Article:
Taking the filler out of filmmaking.

Stuart Beattie Finds ‘Tomorrow’

Posted by Brian on 06/17/2009

Stuart BeattieSource: THR

Screenwriter Stuart Beattie (Collateral, GI Joe: Rise Of Cobra) is gearing up for his first directorial effort, an adaptation of the young-adult novel Tomorrow, When the War Began. Beattie also wrote the screenplay. The first novel in a popular series of seven written by Australian John Marsden and published from 1994-99, “The Tomorrow Series” details the insurgency efforts of a band of Aussie teenagers fighting off an enemy invasion and occupation of their homeland. “It’s coming of age in a war zone,” said Beattie, who said he has read and loved all the books. The main character is a teen named Ellie Linton, who struggles to become a fierce leader even while navigating relationships with the seven other teenagers in her group. “Australia hasn’t made an action movie, I think, since ‘Mad Max,'” said Beattie. “It’s the opportunity to do something in the biggest sense. And it’s only doable because there is this great property out there that everyone in Australia knows.”

In an interesting move, the filmmakers plan to make a trilogy of features from the first three books and then, if successful, spin the next four off into a TV series. The production is taking advantage of Aussie government money as well as a 40% tax break for shooting locally, though Paramount Vantage will co-finance and handle worldwide distribution. Beattie is casting and crewing up for a September shoot Down Under. Sydney-based Omnilab Media (Dead of Night) is financing and will handle the sizable visual effects through its company Iloura, which worked on Australia.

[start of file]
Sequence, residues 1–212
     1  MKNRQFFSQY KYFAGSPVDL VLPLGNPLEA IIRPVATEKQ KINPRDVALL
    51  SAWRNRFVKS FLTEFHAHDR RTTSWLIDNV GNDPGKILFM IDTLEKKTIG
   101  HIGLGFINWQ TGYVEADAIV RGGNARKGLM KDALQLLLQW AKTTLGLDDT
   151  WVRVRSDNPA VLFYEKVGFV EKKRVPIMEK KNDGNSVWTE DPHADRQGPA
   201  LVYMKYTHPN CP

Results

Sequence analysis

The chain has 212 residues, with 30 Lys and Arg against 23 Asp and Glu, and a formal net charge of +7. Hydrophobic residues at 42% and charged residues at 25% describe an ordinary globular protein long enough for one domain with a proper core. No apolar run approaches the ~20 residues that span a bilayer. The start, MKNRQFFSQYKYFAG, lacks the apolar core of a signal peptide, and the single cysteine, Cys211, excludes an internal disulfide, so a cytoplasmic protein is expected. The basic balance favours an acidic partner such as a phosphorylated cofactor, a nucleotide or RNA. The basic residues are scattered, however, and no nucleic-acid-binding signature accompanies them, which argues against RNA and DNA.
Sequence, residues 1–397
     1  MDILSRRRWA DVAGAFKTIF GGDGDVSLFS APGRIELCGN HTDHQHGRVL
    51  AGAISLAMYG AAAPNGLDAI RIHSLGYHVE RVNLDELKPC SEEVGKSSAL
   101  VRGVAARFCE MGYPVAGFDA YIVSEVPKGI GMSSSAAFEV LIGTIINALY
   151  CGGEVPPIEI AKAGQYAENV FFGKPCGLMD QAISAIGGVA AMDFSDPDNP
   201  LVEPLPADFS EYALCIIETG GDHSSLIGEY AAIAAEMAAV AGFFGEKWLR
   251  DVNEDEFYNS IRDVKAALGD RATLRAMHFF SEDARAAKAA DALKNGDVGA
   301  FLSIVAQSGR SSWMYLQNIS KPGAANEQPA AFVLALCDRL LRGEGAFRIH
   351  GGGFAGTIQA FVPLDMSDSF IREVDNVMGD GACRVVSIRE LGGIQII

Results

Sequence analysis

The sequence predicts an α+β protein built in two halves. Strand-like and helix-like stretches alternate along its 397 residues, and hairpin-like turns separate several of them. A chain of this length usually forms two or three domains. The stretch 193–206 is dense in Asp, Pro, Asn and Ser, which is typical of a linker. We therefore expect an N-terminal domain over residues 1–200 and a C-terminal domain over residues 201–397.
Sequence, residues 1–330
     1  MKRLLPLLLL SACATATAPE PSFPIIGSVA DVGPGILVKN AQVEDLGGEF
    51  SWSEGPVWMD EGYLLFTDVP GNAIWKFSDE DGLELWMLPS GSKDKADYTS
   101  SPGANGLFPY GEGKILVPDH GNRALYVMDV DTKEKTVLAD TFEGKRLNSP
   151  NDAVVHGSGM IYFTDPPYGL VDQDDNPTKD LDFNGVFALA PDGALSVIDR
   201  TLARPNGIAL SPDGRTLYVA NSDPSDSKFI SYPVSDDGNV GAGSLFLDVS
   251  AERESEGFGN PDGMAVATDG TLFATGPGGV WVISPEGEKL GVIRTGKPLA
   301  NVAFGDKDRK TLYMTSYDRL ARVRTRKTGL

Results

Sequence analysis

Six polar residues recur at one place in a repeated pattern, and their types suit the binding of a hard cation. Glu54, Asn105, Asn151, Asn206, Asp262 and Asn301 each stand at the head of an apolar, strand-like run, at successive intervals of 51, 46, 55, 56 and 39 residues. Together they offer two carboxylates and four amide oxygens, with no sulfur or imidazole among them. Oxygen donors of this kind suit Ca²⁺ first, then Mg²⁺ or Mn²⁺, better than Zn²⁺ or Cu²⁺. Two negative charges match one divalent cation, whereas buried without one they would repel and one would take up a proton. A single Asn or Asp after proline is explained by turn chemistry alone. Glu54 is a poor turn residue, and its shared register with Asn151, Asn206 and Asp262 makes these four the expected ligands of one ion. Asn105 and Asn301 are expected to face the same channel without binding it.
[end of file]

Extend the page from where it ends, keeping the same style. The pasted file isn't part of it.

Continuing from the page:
“The Tomorrow Series” is one of the most popular Australian series ever published; the books are taught in schools there. Most of them were not available stateside until recently, but the filmmakers hope to persuade Scholastic to reprint them in tandem with the movie’s launch. Beattie is aware of the inevitable comparisons to the American version, Red Dawn, which played out the Cold War scenario of Midwestern American high school kids fighting off Soviet and Cuban invaders. A remake is currently in pre-production, but Beattie isn’t concerned. “Do you remember when ‘The Full Monty’ and ‘Striptease’ were coming out together? They came out within months as the exact same premise — the parent strips for money so they can see their kid. But completely different. One was all flash and rockin’ body, and the other was completely the opposite, of total insecurity about getting up onstage. We’re more like the ‘Full Monty’ version.”


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